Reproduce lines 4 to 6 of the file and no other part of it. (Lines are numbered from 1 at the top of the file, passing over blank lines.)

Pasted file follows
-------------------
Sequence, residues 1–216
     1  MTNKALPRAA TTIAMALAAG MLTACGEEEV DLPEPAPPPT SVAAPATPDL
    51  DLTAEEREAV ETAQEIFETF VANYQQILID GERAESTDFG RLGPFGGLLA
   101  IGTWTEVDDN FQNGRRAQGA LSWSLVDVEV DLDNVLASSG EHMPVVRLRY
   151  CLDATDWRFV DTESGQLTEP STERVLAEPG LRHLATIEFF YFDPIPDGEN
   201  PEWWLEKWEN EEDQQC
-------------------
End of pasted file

   101  IGTWTEVDDN FQNGRRAQGA LSWSLVDVEV DLDNVLASSG EHMPVVRLRY
   151  CLDATDWRFV DTESGQLTEP STERVLAEPG LRHLATIEFF YFDPIPDGEN
   201  PEWWLEKWEN EEDQQC